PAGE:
• For Colonial samurai, the meaning of a gift is different. The importance of a gift is based more on scarcity than artistic value or symbolism. Soy sauce and other Rokugani seasonings are often in high demand, as are other products made from soybeans. Traditional Rokugani art and literature are also valued.


Guests and Hosting

  • When a samurai wishes to visit another samurai at home, the visitor must first announce themselves by presenting a copy of their personal seal (chop), while also explaining who they are and what their visit is for.

  • If a host does not wish to see a visitor, a polite excuse is to tell the visitor to come back tomorrow.

  • If received by the host, a visitor is shown into the house. Friends of the host will leave their daisho on a rack near the entrance of the house, while acquaintances, strangers or enemies will usually keep their swords with them.

  • What a visitor does with their swords when greeted by their host will set the tone of the meeting. See Sword Etiquette.


Sword Etiquette

  • If a visitor places their sword to the right, they are expressing trust in the host.

  • If a visitor places their sword to the left, they are indicating that they do not trust the host, or that their host should not trust them.

  • If a visitor's sword sword is laid with the hilt facing the host, the visitor is hinting they don't think much of their host's skill with a sword.

  • In many cases, samurai are permitted to carry a sword into court, but it is considered unacceptable to draw them (pretty much all swords within the Imperial Court fall under this category).

  • A samurai who wishes to demonstrate they have absolutely no violent intentions may peace knot their swords.


Dealing with Peasants

  • In the Empire, peasants are extremely wary of samurai and most heimin (half-people) will prefer to give them as wide a berth as possible.

  • When a samurai comes to a village, the headman will be fetched to greet them, in the center of the village if possible, or otherwise in his hut. The headman will always ask if the samurai has eaten, and offer food if necessary.

  • It is generally expected that a samurai will interact with the headman almost exclusively, addressing any concerns with him. It is rude for a samurai to avoid meeting the headman, and samurai who do so are probably an enemy.

  • Samurai visiting a village are freely offered anything they may want - bedding, food, drink, anything they may require. However, the headman keeps a record of the costs of the visit, so it can be written off on the yearly taxes.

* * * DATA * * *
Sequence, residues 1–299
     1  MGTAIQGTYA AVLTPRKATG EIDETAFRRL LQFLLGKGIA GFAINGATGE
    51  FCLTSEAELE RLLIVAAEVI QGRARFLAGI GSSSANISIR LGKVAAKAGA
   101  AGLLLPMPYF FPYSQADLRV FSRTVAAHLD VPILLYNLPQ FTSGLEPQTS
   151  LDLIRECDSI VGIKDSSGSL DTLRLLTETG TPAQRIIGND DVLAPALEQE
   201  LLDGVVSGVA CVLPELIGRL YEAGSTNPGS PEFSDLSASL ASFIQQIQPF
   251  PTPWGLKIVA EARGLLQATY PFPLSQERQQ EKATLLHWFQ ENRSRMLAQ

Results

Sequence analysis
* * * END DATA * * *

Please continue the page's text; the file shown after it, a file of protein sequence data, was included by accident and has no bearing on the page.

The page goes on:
• A peasant will never address a samurai on their own. Samurai always speak first, and the peasant replies. A peasant will also try not to waste a samurai's time, and will give the most direct, correct and polite answer possible.

  • Samurai who associate frequently with heimin are regarded strangely by their peers, and is seen as lowering oneself. However, this attitude is relaxed in the more rural areas of the Empire and the Colonies, and amongst some Minor Clan samurai.

  • Many samurai do feel that heimin are worthy of respect and believe it is worthy to protect and value one's peasants, but this is often likened to protecting or caring for horses or other livestock. Treating a peasant as an equal is doing them a disservice by confusing them and leading them into future mistakes when dealing with other samurai.


 

Etiquette (more detail).

There are many different customs in Rokugan, all of which if not followed correctly can destroy a samurai’s reputation or worse, have them meet their ancestors in an untimely manner. Everything has a meaning; everything is significant. A single action can start a war, and the right one can stop it. There are unwritten rules that a samurai goes by, many of which are taught early in life. I will only detail a few here, but I could probably write an entire book about Rokugani etiquette and still never cover all of it.

Gifts